PENTAGON -- The top U.S. commander in the Pacific says the U.S. military is pushing for a steady, deliberate approach as it pivots its focus to the Asia-Pacific region. The U.S. military leadership is trying to head off suspicions that its new attention on Asia is aimed at China.
Admiral Samuel Locklear (pictured) recently took on the job of commander of U.S. forces in the Pacific and will soon head to China for discussions aimed at easing any tensions that may exist as the U.S. works to build its military relationships with countries in Asia where China’s influence is also growing.
Admiral Locklear told reporters at the Pentagon Friday U.S. forces will seek to build existing relationships but not build any new bases in the Asia-Pacific region.
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“We are going to take a steady, deliberate and sustainable approach," he said. "We're going to continue to work on our military-to-military relationships with China because it's so important that as China emerges, that we understand each other, that we prevent miscalculation as we go forward.”
Patrick Cronin, an Asia security analyst at the Center for a New American Security research group in Washington, says the idea of a shift in focus to the Pacific is something that previous administrations had considered doing in the 1990s when China’s growth was already apparent. With the post 9/11 wars ending, the administration sees Asia as the next area of concern.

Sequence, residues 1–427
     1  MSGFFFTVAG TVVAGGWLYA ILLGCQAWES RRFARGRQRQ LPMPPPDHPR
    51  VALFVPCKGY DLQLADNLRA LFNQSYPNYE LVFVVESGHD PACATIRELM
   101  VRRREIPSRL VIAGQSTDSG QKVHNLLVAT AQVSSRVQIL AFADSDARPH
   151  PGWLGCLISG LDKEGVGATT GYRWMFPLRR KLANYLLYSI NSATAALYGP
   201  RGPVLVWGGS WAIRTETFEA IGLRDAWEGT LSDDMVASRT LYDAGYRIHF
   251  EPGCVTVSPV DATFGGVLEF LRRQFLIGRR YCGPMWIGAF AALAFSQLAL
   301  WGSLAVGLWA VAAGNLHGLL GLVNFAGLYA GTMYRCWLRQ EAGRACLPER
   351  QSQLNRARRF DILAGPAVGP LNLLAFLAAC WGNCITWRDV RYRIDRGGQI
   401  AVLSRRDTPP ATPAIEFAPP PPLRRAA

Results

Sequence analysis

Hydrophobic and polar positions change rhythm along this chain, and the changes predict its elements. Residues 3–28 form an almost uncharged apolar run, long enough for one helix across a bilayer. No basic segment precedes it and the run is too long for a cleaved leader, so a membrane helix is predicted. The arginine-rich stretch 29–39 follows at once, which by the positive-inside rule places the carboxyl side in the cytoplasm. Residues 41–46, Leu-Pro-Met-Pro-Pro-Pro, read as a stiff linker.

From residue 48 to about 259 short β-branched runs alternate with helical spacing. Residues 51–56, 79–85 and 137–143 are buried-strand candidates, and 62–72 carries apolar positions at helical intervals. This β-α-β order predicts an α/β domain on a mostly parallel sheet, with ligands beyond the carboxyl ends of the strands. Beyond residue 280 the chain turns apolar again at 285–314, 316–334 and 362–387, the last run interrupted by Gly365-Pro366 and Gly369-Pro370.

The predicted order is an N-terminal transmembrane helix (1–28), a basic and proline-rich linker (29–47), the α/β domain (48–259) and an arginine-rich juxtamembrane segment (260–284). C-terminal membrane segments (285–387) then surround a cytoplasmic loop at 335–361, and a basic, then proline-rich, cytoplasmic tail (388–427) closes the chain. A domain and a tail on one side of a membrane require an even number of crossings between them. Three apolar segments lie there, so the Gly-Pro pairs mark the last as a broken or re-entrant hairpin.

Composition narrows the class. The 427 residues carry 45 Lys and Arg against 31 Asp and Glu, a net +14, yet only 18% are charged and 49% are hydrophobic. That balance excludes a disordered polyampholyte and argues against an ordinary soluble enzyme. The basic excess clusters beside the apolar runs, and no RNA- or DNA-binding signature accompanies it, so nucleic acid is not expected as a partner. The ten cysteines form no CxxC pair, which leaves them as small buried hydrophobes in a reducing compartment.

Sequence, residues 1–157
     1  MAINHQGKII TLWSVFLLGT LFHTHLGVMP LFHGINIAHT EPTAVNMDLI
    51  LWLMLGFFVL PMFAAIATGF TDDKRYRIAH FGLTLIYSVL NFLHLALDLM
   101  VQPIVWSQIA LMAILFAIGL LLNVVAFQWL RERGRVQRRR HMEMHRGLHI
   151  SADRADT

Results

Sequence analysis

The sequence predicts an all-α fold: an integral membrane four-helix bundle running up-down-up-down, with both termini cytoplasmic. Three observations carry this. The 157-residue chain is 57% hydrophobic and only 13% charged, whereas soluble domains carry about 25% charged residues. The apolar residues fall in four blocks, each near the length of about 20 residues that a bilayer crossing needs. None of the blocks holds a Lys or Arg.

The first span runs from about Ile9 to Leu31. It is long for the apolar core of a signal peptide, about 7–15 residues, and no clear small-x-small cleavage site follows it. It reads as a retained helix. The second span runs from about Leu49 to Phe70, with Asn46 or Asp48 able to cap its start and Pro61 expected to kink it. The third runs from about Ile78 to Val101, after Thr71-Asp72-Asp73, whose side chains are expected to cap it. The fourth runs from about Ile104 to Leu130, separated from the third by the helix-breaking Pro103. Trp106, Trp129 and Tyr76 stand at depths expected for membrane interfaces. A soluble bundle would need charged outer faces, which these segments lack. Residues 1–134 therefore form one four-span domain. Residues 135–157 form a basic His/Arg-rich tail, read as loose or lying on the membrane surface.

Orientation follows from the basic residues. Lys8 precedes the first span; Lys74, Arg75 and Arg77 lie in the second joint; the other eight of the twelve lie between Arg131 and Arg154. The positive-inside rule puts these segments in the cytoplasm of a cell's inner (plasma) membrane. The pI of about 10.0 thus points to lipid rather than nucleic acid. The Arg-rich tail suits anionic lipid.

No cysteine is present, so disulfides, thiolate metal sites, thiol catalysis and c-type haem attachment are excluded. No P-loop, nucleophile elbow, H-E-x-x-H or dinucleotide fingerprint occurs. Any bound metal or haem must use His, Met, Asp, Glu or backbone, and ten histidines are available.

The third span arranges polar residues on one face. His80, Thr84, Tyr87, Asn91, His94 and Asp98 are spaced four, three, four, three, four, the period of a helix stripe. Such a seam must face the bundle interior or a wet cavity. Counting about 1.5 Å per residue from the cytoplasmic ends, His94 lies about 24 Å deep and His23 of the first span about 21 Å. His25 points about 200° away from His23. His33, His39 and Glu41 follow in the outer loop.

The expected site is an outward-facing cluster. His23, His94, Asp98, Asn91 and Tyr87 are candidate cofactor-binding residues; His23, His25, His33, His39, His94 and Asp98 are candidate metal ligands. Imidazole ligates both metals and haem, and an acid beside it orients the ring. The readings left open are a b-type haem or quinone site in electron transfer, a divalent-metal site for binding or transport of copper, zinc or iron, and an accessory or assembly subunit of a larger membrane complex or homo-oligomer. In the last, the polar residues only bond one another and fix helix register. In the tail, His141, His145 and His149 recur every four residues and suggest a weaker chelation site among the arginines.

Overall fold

“The deck is clearing to return to that long term set of priorities," Cronin said. "But it’s going to be done not swiftly not in any major way but rather gradually in a way that hopefully is building cooperation, building a rules-based inclusive set of institutions in the region rather than dividing the region into blocks and polarizing the region into some type of new Cold War.”
Admiral Locklear spoke in support of U.S. ratification of the Law of the Sea Treaty, a global maritime agreement that is currently the subject of debate among U.S. lawmakers.
Defense officials believe the treaty would help avoid conflict with China by establishing a set of rules in waters where U.S. Navy ships regularly conduct exercises.
The U.S. is one of a few nations that has not ratified the 30-year-old treaty because of concerns by some politicians who say it would undermine U.S. sovereignty by giving too much power to international organizations over mineral rights. (VOA News)